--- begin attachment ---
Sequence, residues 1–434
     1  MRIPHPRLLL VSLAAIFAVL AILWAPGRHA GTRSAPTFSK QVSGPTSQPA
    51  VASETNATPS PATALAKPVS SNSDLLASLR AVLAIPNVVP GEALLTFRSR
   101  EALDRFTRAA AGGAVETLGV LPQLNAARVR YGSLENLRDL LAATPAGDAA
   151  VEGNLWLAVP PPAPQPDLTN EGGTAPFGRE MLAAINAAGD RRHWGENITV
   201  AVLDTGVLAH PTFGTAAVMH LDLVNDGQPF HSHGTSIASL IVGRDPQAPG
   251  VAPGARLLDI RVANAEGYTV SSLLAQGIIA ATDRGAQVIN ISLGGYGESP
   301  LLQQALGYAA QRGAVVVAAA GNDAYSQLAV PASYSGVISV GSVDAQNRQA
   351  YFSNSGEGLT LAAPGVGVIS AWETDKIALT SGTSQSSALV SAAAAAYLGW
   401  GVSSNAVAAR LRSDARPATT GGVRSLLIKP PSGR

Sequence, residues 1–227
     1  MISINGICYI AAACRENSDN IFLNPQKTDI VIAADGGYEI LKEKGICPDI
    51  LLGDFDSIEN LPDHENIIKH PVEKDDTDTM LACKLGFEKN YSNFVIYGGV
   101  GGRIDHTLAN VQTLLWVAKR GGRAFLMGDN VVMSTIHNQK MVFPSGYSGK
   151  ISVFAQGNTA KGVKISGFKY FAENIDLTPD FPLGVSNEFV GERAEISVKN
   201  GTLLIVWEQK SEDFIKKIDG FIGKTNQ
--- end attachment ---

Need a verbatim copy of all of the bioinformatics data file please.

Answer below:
Sequence, residues 1–434
     1  MRIPHPRLLL VSLAAIFAVL AILWAPGRHA GTRSAPTFSK QVSGPTSQPA
    51  VASETNATPS PATALAKPVS SNSDLLASLR AVLAIPNVVP GEALLTFRSR
   101  EALDRFTRAA AGGAVETLGV LPQLNAARVR YGSLENLRDL LAATPAGDAA
   151  VEGNLWLAVP PPAPQPDLTN EGGTAPFGRE MLAAINAAGD RRHWGENITV
   201  AVLDTGVLAH PTFGTAAVMH LDLVNDGQPF HSHGTSIASL IVGRDPQAPG
   251  VAPGARLLDI RVANAEGYTV SSLLAQGIIA ATDRGAQVIN ISLGGYGESP
   301  LLQQALGYAA QRGAVVVAAA GNDAYSQLAV PASYSGVISV GSVDAQNRQA
   351  YFSNSGEGLT LAAPGVGVIS AWETDKIALT SGTSQSSALV SAAAAAYLGW
   401  GVSSNAVAAR LRSDARPATT GGVRSLLIKP PSGR

Sequence, residues 1–227
     1  MISINGICYI AAACRENSDN IFLNPQKTDI VIAADGGYEI LKEKGICPDI
    51  LLGDFDSIEN LPDHENIIKH PVEKDDTDTM LACKLGFEKN YSNFVIYGGV
   101  GGRIDHTLAN VQTLLWVAKR GGRAFLMGDN VVMSTIHNQK MVFPSGYSGK
   151  ISVFAQGNTA KGVKISGFKY FAENIDLTPD FPLGVSNEFV GERAEISVKN
   201  GTLLIVWEQK SEDFIKKIDG FIGKTNQ